(NOTE: In case of Resistance also, the same amount of energy is dissipated. The only difference is that in a Resistance the dissipated energy appears as heat but in this case of an ideal conductor, it appears in some other form (maybe as a spark or Electromagnetic radiation, which I'm not sure)


Now let's consider the case of Charging of a Capacitor through ideal Conductor. :

Charging Circuit

Now did you figure out where Energy must be dissipated????

Yess !!! Exactly.. (VC-VB) is a non-zero quantity and hence Potential difference exists across the ideal conductor connected between the points C and B.

Using above discussion :

Calculations


[ Note : The model above is an oversimplification of everything. For example, why only the right wire dissipates energy? Actually, energy is dissipated throughout the ideal conductor in form of sparks or Electromagnetic radiations. But if you need to know why energy is dissipated, it turns out that it's not required to have a knowledge of exactly how energy is dissipated. I only tried to point out that. Ignore this answer totally if you are interested in knowing how ]

$\endgroup$
  • 1
    $\begingroup$ Why are you telling the reader that this is the answer they may not have wanted after they've finished reading the whole thing?! $\endgroup$ – Anurag B. May 15 '18 at 14:42
  • $\begingroup$ I have to otherwise split the PS part into two. Otherwise the For example part will be meaningless without reading the answer $\endgroup$ – Madhuchhanda Mandal May 15 '18 at 15:05
0
$\begingroup$

As pointed out in some comment, electrons are being accelerated in the process of charge. This generates electromagnetic radiation. Try doing the calculation using Poynting vector, the way Maxwell defined electromagnetic energy.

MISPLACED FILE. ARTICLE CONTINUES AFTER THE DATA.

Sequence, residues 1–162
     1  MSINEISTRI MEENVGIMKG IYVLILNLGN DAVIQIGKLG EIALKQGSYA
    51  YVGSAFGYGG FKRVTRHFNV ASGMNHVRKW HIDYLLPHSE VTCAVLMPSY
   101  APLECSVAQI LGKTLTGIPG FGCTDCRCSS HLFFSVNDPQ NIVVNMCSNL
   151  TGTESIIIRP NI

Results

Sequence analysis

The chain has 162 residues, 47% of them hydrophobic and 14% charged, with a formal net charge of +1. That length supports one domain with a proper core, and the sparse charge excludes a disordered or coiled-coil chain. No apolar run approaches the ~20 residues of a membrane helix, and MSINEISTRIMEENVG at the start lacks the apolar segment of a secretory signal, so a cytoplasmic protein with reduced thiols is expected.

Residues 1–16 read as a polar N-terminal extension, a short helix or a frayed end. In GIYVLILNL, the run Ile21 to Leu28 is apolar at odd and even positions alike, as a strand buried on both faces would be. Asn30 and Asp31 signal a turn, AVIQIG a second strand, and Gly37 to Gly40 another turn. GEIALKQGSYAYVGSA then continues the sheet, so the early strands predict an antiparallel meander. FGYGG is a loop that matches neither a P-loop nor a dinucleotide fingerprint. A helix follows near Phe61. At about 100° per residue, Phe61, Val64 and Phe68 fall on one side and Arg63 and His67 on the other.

$\endgroup$
  • $\begingroup$ This is wrong. The acceleration is a transient phenomenon at vet low frequency. No radiation is involved. $\endgroup$ – my2cts May 15 '18 at 18:49
0
$\begingroup$

Your mistake is in assuming that the capacitor has a voltage V equal to that of the battery at $t = 0$. It does not. So your equation $W = QV$ is simply wrong. Any real circuit, to which Kirchhoff's laws apply, will have a resistance. By Kirchoff's law:

$V_b = IR + Q/C$

Differentiate to obtain:

$\frac{dI}{dt} = -I/(CR)$

Solve that equation with appropriate initial condition and you will find that the current and charge on the capacitor (and hence the voltage across it) approach the equilibrium value exponentially.

$\endgroup$
0
$\begingroup$

The equation $W=VQ$ is indeed wrong. During charging the voltage over the capacitor is on average $V/2$, so the energy stored in the capacitor is $VQ/2=CQ^2/2$.

No energy disappeared, neither by dissipation nor by radiation.

$\endgroup$

Your Answer

By clicking “Post Your Answer”, you agree to our terms of service, privacy policy and cookie policy

Not the answer you're looking for? Browse other questions tagged or ask your own question.